From Splunk Wiki
Splunk Performance ~~~~~~~~~~~~~~~~~~ Primary inputs: * Characterization: - what actions in splunk are performing poorly, and especially what in contrast is not performing poorly * Timing: - Are the problems constant, or fluctuating, with any identifiable patterns * Load: - Are Disk throughput, memory, or CPU time exhausted? ------ I prefer to start with system performance. Most problems are much more comprehensible when the system constraints are understood. This means looking at: - general load on active splunk box - changes in load / activity during slow operation (search, ui action, etc) Memory use: Linux: free, ps, vmstat Solaris: vmstat, ps Windows: Task manager, perfmon If the system has more than 80% of the memory in use by programs , or significant swap usage, then this problem becomes the priority. example: Linux: jrodman@support05:~$ free total used free shared buffers cached Mem: 2062080 1865568 196512 0 146588 866392 -/+ buffers/cache: 852588 1209492 Swap: 1951888 24 1951864 This system has only 852 megabytes in use (second line) out of 2GB, which is a healthy ratio. You want the majority of your memory in use by buffers/cache. We also see almost no swap is in use. Moderate swap use is not a problem (perhaps some tens of megabytes). Frequently changing swap usage, or high usage (more than a few hundred megabytes) may indicate swapping, which will kill all performance for any purpose. Identification of swapping: Unix: vmstat <interval> Interval is a number in seconds jrodman@support05:~$ vmstat 5 procs -----------memory---------- ---swap-- -----io---- -system-- ----cpu---- r b swpd free buff cache si so bi bo in cs us sy id wa 0 0 24 131608 173708 894048 0 0 1 26 0 7 0 0 99 0 0 0 24 131648 173708 894048 0 0 0 0 90 585 0 0 100 0 0 0 24 131516 173708 894048 0 0 0 3 86 490 1 0 99 0 0 0 24 131532 173708 894056 0 0 0 151 73 476 0 0 99 0 The useful data here is the swap colums, si for swap-in, so for swap-out, This system is not swapping. A system under significant memory pressure will often have stairstepping where there is no swap activity for a time, and then a large chunk of swap activity. A system with constant swap activity is one that is thrashing, and will not perform in any reasonable way until this is resolved. solaris -- There's a nice document about memory troubleshooting on Solaris here: http://www.princeton.edu/~unix/Solaris/troubleshoot/ram.html They recommend vmstat or sar -g to review "scan rate" for indication of memory overload, and vmstat -p to review paging activity. Disk load: You can evaluate disk performance on an unused system with Bonnie++, but for a live system, this isn't useful. Unix, use iostat with an polling interval in seconds: jrodman@support05:~$ iostat 5 Linux 2.6.26-2-amd64 (support05) 01/07/2010 _x86_64_ (2 CPU) avg-cpu: %user %nice %system %iowait %steal %idle 0.32 0.05 0.18 0.03 0.00 99.41 Device: tps Blk_read/s Blk_wrtn/s Blk_read Blk_wrtn sda 2.04 2.49 103.80 6303251 262885952 avg-cpu: %user %nice %system %iowait %steal %idle 0.10 0.00 0.20 0.10 0.00 99.59 Device: tps Blk_read/s Blk_wrtn/s Blk_read Blk_wrtn sda 2.00 4.80 33.60 24 168 This system is entirely idle. However, evaluating the blocks read and written per second can quickly give you a hint if you are anywhere near capacity. 5000 blocks/s written is nothing. 50,000 blocks/s could be easily exhausting your bandwidth. During searches, you should expect tps (transactions per second) to surge to high numbers. If this number never rises above 300, then probably your system simply doesn't have enough seek performance. 500 would be mediocre, 800-1000 starts to become quite impressive. CPU load: This is the hardest to evalute, since CPU cores are segmented. Searches can be bounded by a single core performance while other resources remain idle. The number of CPUs used by indexing will grow as the data volume grows, from around 2 at lower loads upwards to around 5-6 at higher volume loads (think 100GB/day). Linux: For a rough impression, you can use 'top' with multi-cpu view, (press the 1 key), Solaris: prstat ------------------------ What aspects of splunk are using what sort of system load? For a rough quick look, splunkd cpu use is primarily indexing-related. splunk-optimize processes are also indexing-related. The majority of search cpu use occurs in short-lived splunk-search processes. User interface related activity occurs in the python process named mrsparkle, eg: jrodman 7504 0.2 0.8 126584 32216 ?? S 11:47AM 1:11.12 python -O /Applications/splunk4/lib/python2.6/site-packages/splunk/appserver/mrsparkle/root.py start If you need to break down system i/o load by process (splunk-search vs splunkd), iotop may be useful: http://guichaz.free.fr/iotop/ You can use the built-in splunk metrics.logs to evaluate how much cpu time splunk believes it is using for various performance purposes. This is the cpu_seconds value from metrics.log, eg: Splunk > index=_internal source=*metrics.log group=pipeline | timechart sum(cpu_seconds) by processor This breaks down the cpu accounting by individual widget in our data processing. You could also break it down by more rough categories: Splunk > index=_internal source=*metrics.log group=pipeline | timechart sum(cpu_seconds) by name In some environments regex may be dominant, in others, parsing, while in others the indexing pipeline may be the majority of time. You can get a plot of all the cpu activity with a fairly comparable values like so: index="_internal" source="*metrics.log" group=pipeline NOT sendout |timechart span=1m sum(cpu_seconds) Now we can compare these values to the per-cpu maximum of 60. If the chart hovers around 240, you have approximately 4 cores in use by indexing data processing inside splunk. If it's more around 30, you have only half a core in use by these things. ----------------------- For indexing problems: Review KBps values (per_sourcetype_thruput, per_index_thruput) in metrics log to measure improvements, make sure you're making it better! Explicitly declare single-line formats with SHOULD_LINEMERGE=false Explicitly declare time format with TIME_FORMAT, TIME_PREFIX, and MAX_TIMESTAMP_LOOKAHEAD If the majority of cputime is spent in indexing, not parsing or regex, it may help to add an indexing thread in indexes.conf Aside: indexing speed is negatively affected by poorly ordered event streams. Clean data is faster, and good housekeeping anyway (your search results will be more meaningful). Keep systems on the same clock, set up parsing for ill-defined sourcetypes. ---------------- For search performance: Two avenues: - compare/contrast speed of various searches (some searches are slow, some searches are fast) - look at system behavior when running trouble searches Common causes of slow searches: - slow disk - extremely large OR lists (1 OR 2 OR 3 OR 4 ..... 5000) these can be caused by tags - complex subsearches (effectively end up being large OR lists) - phrase searches, eg Splunk > 220.127.116.11 Search tuning: - be more specific: - Add sourcetypes, hosts, source values where possible - add strings which will only exist in your desired events - narrow the time range as appropriate - cut the data at a quantity of events, eg * Slow: Splunk > * Fast: Splunk > * | head 1000 - Avoid NOT expressions when possible. Avoid: (NOT host=d NOT host=e) Prefer: (host=a OR host=b OR host=c) - In some cases, when there is no natural way to describe the data efficiently with the splunk engine, but it can be identified at input time, parse-time ("indexed") fields may be appropriate Investigation: - Try to determine which phase of the search is taking what amounts of time. If your search involves a number of invocations of rename, eval, stats, subsearches, etc. Break the search down piece by piece to figure out which parts are taking what amounts of time. - Run 'vmstat 5' and 'iostat 5' prior to running your search, let them run while search is executing, until completion - Try search from the command line, especially using the time command, eg: time splunk search 'my search terms .....' - In the UI from a slow search you can click on Actions -> Get link to results... This will give you the search ID, such as sid=1262914985.83 You can find the directory containing the actual data about the search at: $SPLUNK_HOME/var/run/splunk/dispatch/<search_id> eg /opt/splunk/var/run/splunk/dispatch/1262914985.83 These directories are auto-deleted after ten minutes, to keep one, create an empty file, 'save' in the directory, or copy it out. The most interesting thing is usually the search.log. It may contain errors or timing information in extreme cases. You can also see the number of 'results' that splunk-search pulled off disk before further filtration. Manually running a search: If you capture the exact commandline used to launch splunk-search when you run a UI search, (while true; do ps aux |grep '[s]earch term'; done) you can run these yourself. This will enable you to run them under investigation tools such as gdb, strace, valgrind, whatever you wish. It is convenient to choose the search-id yourself for this purpose, which will cause the dispatch dir to be created with the same name. Anatomy of a search: From a performance perspective, here are the major pieces of a search. This can sometimes help to pin down what types of things may or may not be slow: 1 - Your search is expanded according to its explicitly stated tags and eventtypes. The full version can be viewed in the dispatch search.log (above). Steps 2-4 are quite seek intensive. They are typically bound on disk head movement, or I/Os per second. 2 - The disk-access code that walks the indexes traverses the appropriate buckets for the time range. 3 - For each bucket, test are made for whether the desired sourcetypes, sources, and hosts are present in the bucket at all 4 - assuming the bucket cannot be eliminated on these criteria, the index files are opened (all of them, in turn, that match the time range) 4a - the start of the index has a dictionary of indexed terms, a "lexicon". We identify the terms that are appropriate (such as for wildcards. 4a - for all identified terms, we identify all the event IDs which match for each term 4c - set logic is used to determine which event IDs are desired for the expressed search. eg for 'host=a OR host=b', all events for either host are desired, while for 'host=a AND host=b', only events for both are desired. 5 - for all desired events, the appropriate rawdata files are accesssed. These are typically compressed, so this can be quite CPU intensive. There is also a moderately significant amount of sequential reads here. 6 - Various automatic processing steps occur, eg 6a - eventtypes are identified, which involves applying search expressions against all the resturned invents. 6b - automatic key-value extraction is applied, where sequences like 'a=4' are identified and provided as fields for matching, charting, etc. 7 - n -- the rest of the search steps are highly dependent upon the search expression. Finally: for the UI only, the search text is parsed into 'segments' so that the UI can visually present clickable items that can be searched, as a usability aid. Search performance remedies: Disk seek limited - Use 64 bit. This is always a win, in any event - If your data is sparse (buried in a larger volume of unrelated data) it may help to store it in its own index Disk bandwidth exhaustion: - In this case you will simply have to reduce the load on the I/O subsystem. Possible remedies: - Add more index nodes - Move non-splunk tasks off the system - Check for extremely large numbers of source, sourcetypes, or host values (tens of thousands). They can cause unnecessary I/O. CPU limited: - If splunk-search seems CPU bound, you may want to evaluate storing your rawdata in uncompressed form. This will use a great deal more disk space, but will not incur the decompression CPU cost at search time. - If you have very large events, especially with a great deal of punctuation. Try disabling search-time segmentation (raw) in the UI. - If your events have large numbers of apparent Key-value pairs, like hostname=foo access=much food=hotdogs and you do not care about the vast majority of the values, you may wish to disable automatic key-value extraction with KV_MODE=none in props.conf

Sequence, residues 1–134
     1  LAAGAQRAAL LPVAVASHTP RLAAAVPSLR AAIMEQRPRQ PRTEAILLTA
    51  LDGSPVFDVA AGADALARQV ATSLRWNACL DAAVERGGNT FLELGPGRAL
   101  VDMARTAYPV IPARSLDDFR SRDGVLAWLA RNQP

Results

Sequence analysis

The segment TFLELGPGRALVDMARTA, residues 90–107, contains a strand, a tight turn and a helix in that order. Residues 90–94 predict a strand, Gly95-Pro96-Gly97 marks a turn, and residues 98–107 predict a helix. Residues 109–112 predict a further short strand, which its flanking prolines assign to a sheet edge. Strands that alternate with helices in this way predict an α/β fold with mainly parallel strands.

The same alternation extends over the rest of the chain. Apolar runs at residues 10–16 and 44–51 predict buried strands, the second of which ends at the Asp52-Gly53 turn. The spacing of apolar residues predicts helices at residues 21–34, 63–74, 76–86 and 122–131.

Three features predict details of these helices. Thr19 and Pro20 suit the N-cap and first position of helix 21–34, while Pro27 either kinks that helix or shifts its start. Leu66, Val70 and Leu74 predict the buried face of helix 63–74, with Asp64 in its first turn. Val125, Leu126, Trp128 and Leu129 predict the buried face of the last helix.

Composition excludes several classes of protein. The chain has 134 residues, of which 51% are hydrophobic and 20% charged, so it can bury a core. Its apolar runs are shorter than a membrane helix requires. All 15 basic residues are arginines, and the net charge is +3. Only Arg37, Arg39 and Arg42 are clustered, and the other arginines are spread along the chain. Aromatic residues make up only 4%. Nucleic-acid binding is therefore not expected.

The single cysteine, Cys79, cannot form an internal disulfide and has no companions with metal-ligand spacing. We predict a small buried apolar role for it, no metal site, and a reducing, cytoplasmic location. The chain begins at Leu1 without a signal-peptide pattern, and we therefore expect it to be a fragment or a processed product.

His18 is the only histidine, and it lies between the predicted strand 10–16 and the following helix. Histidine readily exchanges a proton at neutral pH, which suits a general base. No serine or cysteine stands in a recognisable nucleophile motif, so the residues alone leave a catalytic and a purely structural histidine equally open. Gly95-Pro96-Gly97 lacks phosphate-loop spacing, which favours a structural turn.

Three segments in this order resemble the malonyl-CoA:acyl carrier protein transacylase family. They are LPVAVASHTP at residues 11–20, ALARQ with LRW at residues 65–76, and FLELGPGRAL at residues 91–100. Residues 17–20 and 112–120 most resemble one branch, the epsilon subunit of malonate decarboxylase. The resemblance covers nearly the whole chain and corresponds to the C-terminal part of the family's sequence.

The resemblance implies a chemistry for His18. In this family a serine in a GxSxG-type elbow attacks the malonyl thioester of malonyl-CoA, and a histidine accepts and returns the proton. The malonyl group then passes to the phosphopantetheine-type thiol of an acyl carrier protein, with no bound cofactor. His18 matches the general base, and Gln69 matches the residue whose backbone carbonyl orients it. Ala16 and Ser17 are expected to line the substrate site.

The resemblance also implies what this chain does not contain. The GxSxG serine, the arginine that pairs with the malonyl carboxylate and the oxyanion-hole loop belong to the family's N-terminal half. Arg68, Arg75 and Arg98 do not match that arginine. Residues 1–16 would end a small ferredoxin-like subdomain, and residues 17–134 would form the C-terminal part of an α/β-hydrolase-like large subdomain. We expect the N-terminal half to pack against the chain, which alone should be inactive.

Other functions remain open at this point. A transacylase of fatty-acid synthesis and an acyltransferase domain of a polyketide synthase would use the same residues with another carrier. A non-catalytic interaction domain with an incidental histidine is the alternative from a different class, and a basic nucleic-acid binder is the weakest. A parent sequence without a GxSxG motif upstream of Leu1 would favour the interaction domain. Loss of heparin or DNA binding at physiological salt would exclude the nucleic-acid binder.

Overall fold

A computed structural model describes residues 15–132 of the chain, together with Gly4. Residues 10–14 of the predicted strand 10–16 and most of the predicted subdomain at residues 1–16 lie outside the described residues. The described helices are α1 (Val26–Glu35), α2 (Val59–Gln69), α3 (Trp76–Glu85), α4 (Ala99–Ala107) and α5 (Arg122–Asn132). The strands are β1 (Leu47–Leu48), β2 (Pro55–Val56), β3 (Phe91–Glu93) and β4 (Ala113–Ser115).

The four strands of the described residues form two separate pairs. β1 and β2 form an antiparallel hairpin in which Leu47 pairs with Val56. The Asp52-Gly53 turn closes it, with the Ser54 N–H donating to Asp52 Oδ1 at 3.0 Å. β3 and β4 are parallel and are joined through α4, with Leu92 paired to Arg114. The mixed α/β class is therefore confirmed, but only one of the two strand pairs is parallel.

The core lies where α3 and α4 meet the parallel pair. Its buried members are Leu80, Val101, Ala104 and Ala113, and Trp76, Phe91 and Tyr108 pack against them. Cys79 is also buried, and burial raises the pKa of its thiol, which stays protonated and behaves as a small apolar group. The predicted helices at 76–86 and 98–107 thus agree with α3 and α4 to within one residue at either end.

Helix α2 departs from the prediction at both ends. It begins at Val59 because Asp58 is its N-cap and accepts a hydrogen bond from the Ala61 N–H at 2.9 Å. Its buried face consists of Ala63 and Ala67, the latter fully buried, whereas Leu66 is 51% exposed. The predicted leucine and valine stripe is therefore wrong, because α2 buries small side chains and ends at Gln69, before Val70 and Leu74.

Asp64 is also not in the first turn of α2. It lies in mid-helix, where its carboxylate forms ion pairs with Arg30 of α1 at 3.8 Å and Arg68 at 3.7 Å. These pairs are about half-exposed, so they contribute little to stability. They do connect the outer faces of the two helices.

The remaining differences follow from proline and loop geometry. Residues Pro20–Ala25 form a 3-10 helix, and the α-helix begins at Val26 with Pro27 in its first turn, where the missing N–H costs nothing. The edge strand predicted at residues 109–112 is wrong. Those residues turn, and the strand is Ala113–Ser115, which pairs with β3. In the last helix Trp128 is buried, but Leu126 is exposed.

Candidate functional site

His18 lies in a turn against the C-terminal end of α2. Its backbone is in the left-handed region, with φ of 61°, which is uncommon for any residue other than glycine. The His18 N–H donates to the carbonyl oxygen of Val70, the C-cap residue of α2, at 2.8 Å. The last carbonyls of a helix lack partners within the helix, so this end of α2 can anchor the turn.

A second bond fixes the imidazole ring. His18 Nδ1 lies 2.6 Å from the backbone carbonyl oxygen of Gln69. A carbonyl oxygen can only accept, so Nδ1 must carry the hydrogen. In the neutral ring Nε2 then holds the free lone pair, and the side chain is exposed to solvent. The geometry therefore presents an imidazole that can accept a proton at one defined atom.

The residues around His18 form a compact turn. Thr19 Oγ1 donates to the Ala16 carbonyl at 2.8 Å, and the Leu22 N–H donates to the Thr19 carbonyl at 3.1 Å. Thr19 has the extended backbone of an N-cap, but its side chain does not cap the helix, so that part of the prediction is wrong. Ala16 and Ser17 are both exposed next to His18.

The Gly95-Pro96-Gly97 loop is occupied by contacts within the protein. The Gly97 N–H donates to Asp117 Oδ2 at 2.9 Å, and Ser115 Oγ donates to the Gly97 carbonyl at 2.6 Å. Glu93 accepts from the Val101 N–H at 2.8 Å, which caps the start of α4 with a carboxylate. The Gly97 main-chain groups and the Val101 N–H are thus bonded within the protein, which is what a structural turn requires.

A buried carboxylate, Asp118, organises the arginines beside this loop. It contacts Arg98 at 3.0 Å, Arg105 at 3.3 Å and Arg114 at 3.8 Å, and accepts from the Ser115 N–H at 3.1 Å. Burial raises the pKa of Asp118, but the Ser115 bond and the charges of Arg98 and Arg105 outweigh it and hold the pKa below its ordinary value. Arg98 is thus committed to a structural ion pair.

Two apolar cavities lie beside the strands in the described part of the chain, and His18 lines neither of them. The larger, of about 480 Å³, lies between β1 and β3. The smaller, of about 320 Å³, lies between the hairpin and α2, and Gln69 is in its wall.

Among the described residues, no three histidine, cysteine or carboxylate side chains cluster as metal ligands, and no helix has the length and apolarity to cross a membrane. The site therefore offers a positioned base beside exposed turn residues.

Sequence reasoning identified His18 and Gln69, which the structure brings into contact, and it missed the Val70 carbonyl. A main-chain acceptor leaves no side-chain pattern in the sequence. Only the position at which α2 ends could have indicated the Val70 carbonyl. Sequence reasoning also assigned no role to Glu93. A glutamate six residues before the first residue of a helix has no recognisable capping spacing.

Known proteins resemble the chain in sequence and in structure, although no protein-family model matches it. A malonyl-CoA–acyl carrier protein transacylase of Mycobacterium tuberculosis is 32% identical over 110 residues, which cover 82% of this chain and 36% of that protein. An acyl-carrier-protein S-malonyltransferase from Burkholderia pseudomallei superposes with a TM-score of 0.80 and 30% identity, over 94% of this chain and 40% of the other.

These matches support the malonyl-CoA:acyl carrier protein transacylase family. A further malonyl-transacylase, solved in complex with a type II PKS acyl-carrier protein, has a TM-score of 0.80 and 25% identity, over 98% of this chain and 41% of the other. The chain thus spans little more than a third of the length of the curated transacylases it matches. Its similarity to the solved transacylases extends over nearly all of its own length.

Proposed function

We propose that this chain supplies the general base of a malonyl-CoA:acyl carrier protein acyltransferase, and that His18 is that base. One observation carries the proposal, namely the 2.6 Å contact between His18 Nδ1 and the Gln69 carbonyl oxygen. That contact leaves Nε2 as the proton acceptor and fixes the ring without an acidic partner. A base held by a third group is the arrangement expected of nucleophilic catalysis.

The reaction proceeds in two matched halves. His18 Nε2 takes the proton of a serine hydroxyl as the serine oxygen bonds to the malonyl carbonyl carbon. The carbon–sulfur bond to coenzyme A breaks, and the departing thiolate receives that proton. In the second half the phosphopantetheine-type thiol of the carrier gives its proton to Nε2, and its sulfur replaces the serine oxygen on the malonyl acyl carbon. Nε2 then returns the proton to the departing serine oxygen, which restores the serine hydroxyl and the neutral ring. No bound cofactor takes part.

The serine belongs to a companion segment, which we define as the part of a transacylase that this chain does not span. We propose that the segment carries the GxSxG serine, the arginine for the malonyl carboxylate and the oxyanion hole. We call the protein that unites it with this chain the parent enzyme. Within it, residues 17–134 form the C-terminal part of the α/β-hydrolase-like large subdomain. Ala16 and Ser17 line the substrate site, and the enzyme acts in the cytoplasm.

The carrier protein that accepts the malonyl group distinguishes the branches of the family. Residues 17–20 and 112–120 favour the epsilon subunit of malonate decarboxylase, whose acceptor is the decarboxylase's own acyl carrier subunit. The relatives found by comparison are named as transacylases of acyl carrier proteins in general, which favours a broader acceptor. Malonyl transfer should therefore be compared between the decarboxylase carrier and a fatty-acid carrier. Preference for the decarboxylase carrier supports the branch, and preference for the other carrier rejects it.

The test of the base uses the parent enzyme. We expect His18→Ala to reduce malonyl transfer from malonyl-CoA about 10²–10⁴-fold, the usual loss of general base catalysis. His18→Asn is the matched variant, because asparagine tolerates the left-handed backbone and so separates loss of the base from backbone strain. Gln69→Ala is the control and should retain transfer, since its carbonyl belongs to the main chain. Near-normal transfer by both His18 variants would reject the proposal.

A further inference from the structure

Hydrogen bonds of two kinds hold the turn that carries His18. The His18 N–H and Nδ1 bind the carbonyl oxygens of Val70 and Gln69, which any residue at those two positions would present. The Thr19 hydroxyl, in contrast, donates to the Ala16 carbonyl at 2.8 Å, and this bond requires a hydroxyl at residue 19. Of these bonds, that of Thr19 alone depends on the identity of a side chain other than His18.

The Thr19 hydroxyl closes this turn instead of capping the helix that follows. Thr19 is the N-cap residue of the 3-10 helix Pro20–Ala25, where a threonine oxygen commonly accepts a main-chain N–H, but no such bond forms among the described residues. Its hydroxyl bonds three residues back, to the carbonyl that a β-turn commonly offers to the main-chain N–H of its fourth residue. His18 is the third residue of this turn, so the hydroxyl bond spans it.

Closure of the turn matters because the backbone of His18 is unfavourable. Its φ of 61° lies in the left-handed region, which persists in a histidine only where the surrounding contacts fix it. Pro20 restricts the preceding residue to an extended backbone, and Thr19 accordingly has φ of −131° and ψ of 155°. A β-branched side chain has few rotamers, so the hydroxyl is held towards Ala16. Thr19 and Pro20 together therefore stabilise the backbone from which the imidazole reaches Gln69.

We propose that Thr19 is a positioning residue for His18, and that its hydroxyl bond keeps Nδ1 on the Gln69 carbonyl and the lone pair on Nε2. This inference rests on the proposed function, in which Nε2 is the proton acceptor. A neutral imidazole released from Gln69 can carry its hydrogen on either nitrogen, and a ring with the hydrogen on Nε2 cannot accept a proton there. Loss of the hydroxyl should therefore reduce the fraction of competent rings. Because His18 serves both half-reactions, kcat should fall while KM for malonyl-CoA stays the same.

Initial rev, Jrodman 10:40, 12 January 2010 (PST) please do modify etc.